Cemetery Visitors Honor Pioneer Susan B. Anthony After Clinton Makes History
MICHEL MARTIN, HOST:
Hillary Clinton made history this week when she became the first female presidential nominee of a major political party. Here she is on Tuesday night.
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HILLARY CLINTON: On the very day my mother was born, in Chicago, Congress was passing the 19th Amendment to the Constitution.
CLINTON: That amendment finally gave women the right to vote.
MARTIN: Mari Tsuchiya and her husband watched Clinton's speech from their home in Rochester, N.Y. The next morning they went to Mount Hope Cemetery in Rochester, home to the grave of Susan B. Anthony. They placed flowers at her tombstone. Tsuchiya says, she was thinking about her twins and granddaughter.
MARI TSUCHIYA: They are all affected by what Susan B. has done to us that they have the right to vote and that they can even run for president in the future.
MARTIN: Susan B. Anthony, you may remember, crisscrossed the country through much of her adult life, campaigning to abolish slavery and to advance voting rights for women.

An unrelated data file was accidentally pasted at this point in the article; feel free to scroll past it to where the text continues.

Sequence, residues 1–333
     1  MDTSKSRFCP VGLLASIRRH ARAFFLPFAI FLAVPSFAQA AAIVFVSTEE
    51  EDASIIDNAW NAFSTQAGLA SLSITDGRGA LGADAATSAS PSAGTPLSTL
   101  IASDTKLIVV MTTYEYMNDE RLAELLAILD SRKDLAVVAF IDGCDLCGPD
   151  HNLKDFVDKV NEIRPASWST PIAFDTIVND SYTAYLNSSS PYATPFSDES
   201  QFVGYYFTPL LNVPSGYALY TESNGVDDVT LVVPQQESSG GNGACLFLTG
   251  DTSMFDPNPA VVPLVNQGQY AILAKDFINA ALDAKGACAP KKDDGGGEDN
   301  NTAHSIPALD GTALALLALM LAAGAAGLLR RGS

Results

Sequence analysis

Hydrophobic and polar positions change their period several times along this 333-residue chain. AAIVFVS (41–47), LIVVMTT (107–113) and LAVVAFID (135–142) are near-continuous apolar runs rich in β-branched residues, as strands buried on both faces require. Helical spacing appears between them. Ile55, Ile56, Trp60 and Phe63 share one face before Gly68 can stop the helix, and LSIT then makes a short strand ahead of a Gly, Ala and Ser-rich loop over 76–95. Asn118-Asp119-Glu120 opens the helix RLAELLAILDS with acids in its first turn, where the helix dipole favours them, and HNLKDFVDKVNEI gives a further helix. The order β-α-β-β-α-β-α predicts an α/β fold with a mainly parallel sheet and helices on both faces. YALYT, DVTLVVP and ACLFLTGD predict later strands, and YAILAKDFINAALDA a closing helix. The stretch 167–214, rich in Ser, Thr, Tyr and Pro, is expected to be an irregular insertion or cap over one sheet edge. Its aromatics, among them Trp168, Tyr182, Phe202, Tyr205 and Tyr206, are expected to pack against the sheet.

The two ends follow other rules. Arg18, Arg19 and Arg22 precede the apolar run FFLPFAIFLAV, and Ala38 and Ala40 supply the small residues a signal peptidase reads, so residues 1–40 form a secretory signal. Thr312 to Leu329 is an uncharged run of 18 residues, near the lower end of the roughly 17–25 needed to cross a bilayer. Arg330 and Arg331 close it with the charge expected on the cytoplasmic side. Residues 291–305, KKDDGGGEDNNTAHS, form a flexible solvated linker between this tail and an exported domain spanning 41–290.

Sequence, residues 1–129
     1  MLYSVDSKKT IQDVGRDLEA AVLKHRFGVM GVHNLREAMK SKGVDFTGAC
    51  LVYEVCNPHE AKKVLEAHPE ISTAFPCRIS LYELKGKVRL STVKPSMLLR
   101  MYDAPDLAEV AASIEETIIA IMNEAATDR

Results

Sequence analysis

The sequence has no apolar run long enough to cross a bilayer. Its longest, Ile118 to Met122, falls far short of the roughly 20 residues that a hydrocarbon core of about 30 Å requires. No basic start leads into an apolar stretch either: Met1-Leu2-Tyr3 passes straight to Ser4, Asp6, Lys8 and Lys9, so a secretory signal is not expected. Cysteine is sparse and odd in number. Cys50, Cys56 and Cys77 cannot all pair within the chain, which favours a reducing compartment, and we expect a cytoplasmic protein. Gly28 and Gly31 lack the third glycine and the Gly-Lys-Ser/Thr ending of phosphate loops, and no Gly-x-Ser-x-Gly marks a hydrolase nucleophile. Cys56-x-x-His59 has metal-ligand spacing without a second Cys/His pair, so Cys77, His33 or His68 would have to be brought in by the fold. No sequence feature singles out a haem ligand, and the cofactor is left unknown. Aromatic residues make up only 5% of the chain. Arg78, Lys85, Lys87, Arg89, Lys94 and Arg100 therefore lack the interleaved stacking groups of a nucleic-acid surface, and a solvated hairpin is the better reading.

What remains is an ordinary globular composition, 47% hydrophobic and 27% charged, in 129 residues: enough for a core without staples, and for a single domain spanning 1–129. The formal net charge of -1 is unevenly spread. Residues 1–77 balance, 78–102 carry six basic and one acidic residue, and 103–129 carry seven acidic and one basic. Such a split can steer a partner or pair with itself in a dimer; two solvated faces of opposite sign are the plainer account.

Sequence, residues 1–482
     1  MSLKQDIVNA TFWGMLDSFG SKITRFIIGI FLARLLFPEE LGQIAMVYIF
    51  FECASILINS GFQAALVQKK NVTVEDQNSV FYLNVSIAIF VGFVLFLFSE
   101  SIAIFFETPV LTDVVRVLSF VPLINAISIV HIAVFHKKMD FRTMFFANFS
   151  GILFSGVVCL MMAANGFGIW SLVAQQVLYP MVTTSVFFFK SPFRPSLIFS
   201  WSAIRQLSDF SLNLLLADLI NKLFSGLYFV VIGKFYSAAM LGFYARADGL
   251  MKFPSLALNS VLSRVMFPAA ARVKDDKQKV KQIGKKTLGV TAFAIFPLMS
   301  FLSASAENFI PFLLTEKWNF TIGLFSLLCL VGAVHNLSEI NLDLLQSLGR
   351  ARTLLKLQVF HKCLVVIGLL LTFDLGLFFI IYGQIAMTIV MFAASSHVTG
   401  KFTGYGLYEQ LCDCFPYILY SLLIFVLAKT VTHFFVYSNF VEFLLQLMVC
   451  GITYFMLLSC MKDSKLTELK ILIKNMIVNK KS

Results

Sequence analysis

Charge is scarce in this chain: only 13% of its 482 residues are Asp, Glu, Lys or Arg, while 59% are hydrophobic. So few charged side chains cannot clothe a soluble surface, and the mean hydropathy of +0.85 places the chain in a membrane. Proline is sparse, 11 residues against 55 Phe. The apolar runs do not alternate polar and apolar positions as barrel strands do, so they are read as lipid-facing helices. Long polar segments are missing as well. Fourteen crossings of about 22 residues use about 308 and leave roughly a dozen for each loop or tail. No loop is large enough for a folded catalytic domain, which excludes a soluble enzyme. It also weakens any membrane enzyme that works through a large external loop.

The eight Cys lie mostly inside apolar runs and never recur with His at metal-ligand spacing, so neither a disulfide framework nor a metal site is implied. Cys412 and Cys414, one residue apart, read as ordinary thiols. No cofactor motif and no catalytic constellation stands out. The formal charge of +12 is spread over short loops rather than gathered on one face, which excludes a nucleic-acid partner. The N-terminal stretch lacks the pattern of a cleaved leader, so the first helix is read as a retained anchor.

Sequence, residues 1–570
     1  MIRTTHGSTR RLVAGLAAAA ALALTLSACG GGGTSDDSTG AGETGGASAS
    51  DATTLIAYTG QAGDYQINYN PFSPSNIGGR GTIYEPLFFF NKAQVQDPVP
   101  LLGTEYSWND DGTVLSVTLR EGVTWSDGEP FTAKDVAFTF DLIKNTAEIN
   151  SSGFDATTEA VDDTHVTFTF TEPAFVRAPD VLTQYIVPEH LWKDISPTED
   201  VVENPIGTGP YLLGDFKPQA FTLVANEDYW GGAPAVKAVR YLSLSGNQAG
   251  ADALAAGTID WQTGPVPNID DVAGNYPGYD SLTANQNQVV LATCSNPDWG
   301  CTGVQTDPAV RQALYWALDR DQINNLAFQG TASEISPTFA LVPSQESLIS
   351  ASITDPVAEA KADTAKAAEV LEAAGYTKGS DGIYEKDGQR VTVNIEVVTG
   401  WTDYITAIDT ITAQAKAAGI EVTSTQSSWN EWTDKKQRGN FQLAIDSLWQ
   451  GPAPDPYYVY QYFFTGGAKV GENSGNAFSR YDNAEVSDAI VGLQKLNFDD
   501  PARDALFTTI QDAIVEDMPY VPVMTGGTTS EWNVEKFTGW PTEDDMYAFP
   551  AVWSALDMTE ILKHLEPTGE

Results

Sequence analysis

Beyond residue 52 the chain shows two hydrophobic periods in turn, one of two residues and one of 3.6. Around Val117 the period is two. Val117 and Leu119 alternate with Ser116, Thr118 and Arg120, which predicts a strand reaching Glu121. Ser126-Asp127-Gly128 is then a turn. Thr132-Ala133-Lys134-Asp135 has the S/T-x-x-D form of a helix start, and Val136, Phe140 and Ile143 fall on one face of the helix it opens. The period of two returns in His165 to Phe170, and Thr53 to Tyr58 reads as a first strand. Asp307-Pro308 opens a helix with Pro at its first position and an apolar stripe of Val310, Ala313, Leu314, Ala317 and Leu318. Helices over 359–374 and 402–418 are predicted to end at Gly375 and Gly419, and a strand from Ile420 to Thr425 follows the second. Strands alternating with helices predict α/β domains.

In Rochester, honoring Susan B. Anthony on Election Day has become quite a trend. Voters dot her gravestone with dozens of I voted stickers on Election Day.
BRIANNE WOJTESTA: In a way, it felt like I was giving my sticker to Susan B. Anthony.
MARTIN: That was Brianne Wojtesta, who first left a sticker on Susan B. Anthony's gravestone two years ago.
WOJTESTA: As I was approaching the grave, an older woman was walking away from it who also had the same idea. And she had put her sticker on, and mine was that second sticker.
MARTIN: Susan B. Anthony wasn't always so revered. Back in 1872, she was arrested for voting in Rochester and fined $100, a pretty penny back then. But 14 years after her death, voters passed the 19th Amendment to the U.S. Constitution granting women the right to vote. And decades later, the U.S. Treasury placed her image on the U.S. dollar coin. Transcript provided by NPR, Copyright NPR.